Passover, the Jewish Holiday of Freedom


Sophia Khan

A younger, gleeful Sophia Khan awaits her favorite dish, Matzah Ball Soup.

Sophia Khan , Staff, Photographer

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If you enter my home during April 8-16, you may notice the pantry cleaned and lined with tin foil, boxes of Chex Mix and Cheerios replaced with Magic Max’s cereal, loaves of bread replaced with boxes of matzah, and brownies replaced with macaroons. My house is cleaned of any possible crumbs or leavened bread products (bread, pasta, crackers, etc.). The house is ready for Passover.

The Jewish holiday of Pesach or Passover is celebrated on the 15th of Nisan, the seventh month in the Jewish lunar calendar. On the Gregorian calendar, it begins on April 8, 2020. The holiday is celebrated for eight days in most of the world; however, it is celebrated for seven in Israel. 

Passover commemorates the exodus of the Jewish people from Egyptian slavery. As the Torah says, God sent Moses to the Pharaoh of Egypt to demand the freedom of the Jews. When Pharoh refused, God sent ten plagues to torture the Egyptians. The Jews placed lamb blood on their door frame to be spared from the plagues. The plagues, in order, are as follows: the water turned to blood, frogs gathered, lice flew to hair, flies swarmed, a pestilence that killed domestic animals, boils, hail, locusts flocked, darkness over the land, and the death of all first-borns. After the tenth plague, the Pharaoh finally relented and forced the Jews to leave. With such little time to prepare for what would become a long march, the Jews had to grab their bread before it had a chance to rise.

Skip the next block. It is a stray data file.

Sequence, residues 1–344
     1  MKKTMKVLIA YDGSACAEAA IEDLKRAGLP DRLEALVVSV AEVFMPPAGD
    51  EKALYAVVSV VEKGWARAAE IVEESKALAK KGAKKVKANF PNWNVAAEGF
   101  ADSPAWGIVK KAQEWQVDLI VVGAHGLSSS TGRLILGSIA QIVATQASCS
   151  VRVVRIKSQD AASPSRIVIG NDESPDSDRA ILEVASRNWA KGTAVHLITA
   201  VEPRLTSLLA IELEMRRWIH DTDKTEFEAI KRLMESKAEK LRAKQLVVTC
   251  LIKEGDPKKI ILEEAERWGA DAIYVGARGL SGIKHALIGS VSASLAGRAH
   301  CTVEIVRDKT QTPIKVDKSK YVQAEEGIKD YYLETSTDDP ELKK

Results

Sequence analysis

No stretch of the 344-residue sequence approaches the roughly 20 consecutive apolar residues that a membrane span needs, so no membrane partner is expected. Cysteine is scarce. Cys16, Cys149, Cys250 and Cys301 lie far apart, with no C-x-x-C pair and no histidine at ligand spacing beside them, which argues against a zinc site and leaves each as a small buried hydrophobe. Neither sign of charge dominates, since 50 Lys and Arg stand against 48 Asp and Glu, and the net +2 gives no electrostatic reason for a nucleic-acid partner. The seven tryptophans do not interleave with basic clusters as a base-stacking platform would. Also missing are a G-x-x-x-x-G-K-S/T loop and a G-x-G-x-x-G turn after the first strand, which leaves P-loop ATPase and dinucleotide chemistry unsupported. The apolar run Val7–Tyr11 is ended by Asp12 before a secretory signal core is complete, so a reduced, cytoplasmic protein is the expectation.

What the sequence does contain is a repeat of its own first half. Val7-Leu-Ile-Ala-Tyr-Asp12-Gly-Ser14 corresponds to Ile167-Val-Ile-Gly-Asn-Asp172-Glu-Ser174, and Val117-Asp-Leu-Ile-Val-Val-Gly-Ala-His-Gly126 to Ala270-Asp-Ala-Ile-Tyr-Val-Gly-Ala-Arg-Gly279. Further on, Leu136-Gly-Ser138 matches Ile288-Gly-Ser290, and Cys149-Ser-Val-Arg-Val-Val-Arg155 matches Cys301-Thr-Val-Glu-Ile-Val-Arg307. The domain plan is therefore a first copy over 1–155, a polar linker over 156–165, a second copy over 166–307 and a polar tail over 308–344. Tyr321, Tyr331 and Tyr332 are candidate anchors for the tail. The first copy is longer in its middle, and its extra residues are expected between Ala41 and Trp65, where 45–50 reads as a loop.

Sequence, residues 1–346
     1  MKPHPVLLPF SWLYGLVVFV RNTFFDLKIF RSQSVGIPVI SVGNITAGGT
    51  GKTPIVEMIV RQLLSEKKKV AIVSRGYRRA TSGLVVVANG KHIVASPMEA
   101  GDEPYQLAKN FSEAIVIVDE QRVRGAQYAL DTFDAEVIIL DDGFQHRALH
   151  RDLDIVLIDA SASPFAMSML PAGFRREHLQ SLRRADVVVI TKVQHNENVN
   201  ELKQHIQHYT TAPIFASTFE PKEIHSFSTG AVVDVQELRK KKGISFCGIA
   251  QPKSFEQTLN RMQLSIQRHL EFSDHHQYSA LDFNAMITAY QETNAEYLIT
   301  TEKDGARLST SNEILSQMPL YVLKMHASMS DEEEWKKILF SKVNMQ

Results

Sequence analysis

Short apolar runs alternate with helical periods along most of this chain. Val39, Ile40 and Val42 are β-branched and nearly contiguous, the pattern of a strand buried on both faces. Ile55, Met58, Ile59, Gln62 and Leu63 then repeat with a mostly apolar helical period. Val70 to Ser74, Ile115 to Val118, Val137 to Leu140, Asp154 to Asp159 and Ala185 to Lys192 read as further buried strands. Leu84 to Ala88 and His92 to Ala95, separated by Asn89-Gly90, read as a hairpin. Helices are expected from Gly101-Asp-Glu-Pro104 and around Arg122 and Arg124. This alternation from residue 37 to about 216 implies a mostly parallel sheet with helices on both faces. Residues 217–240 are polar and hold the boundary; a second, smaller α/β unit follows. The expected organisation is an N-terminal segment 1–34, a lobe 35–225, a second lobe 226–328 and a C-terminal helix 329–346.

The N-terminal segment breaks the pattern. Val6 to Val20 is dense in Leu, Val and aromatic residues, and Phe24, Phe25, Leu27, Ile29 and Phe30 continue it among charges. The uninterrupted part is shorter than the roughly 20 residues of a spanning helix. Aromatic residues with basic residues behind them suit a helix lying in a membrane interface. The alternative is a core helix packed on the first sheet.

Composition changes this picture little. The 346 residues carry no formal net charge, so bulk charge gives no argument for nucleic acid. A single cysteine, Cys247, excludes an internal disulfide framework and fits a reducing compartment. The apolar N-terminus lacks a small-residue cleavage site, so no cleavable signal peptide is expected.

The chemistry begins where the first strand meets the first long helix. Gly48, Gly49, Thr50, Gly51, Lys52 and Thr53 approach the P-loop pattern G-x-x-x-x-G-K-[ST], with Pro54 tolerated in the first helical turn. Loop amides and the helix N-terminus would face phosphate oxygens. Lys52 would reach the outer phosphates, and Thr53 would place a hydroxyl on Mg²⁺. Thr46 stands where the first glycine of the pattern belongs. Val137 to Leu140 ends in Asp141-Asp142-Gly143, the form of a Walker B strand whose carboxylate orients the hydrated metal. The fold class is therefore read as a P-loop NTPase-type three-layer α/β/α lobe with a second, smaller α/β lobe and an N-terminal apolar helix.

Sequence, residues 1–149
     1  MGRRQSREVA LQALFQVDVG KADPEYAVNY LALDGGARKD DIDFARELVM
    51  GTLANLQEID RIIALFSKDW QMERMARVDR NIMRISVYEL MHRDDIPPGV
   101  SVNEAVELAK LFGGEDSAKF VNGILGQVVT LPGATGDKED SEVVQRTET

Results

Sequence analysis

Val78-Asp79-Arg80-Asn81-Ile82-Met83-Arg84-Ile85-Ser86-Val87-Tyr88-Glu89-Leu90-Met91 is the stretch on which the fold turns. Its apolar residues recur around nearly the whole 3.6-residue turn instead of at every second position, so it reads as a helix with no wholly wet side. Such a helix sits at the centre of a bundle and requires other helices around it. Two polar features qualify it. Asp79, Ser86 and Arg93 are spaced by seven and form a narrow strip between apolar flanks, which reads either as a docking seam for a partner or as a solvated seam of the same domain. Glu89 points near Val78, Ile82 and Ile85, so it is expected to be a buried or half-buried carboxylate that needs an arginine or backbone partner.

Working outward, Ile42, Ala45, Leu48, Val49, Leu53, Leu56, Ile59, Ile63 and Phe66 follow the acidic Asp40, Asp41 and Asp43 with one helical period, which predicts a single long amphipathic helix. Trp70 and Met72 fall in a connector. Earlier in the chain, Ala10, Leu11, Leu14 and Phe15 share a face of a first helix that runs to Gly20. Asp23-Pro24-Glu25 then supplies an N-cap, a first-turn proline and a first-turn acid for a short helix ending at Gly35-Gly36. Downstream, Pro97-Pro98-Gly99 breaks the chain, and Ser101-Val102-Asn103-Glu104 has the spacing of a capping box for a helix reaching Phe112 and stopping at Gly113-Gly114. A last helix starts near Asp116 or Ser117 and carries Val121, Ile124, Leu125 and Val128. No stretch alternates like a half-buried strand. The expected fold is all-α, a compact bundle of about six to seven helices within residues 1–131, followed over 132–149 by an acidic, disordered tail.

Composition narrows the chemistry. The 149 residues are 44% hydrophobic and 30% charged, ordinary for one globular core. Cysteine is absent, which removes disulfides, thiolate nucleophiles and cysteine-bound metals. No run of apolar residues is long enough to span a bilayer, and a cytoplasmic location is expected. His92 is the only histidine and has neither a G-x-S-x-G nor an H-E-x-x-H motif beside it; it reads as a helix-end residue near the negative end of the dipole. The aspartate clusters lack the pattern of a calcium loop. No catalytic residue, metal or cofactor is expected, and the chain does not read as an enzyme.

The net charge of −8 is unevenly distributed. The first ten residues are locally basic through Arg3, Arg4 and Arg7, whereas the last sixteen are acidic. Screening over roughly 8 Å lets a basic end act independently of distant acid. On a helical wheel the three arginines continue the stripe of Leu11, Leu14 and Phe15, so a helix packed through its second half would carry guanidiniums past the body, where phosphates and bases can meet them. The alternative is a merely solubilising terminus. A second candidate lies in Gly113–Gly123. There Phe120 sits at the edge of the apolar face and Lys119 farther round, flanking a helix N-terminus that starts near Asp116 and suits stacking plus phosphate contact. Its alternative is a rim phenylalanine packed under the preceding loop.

The Passover Seder is a ritual feast that marks the start of the Passover holiday. It can last for hours, and the actual meal starts halfway through. During the Seder, Jews read the Haggadah, a book that outlines the order of the Seder as well as retells the Passover story. A traditional Seder plate holds six sections: Karpas or greens, Haroset or sweet fruit, Maror or a bitter herb, Hazeret or a second bitter herb, Zeroa or a shank bone, and Beitzah or an egg. Many traditions during the Seder represent events in the Passover story. Karpas, a vegetable dipped in saltwater, reflects the tears of the Jews in slavery and the leg of lamb is symbolic of the lambs’ blood on the doorway.

Younger Sophia Khan holds the Afikoman after finding it during the Seder. This half-piece matzo is set aside to be eaten at the end of the meal.

The Passover story is about freedom and liberation. The holiday may seem somber, with the lack of bread and long retellings of the story, but it is a holiday to remind us of how we came to our freedom. A common tradition is hiding matzah for the youngest child to find, a hilarious and fun event! During the meal, Jews recline on pillows, a leisurely act that reflected freedom in Egypt. The door is open and a wine cup is left for Elijah, who is said to arrive to herald the Messiah. There is something quite magical about the glow of doors on the street being opened and letting the laughter and warmth spill out. 

Unfortunately, this year the holiday will have to be celebrated differently from past years due to the COVID-19 pandemic. In order to comply with the Pennsylvania shut-down decree and social distancing order, many families are planning to enjoy the Seder with extended relatives via Zoom or another video conferencing app. 

Chag Pesach Sameach!

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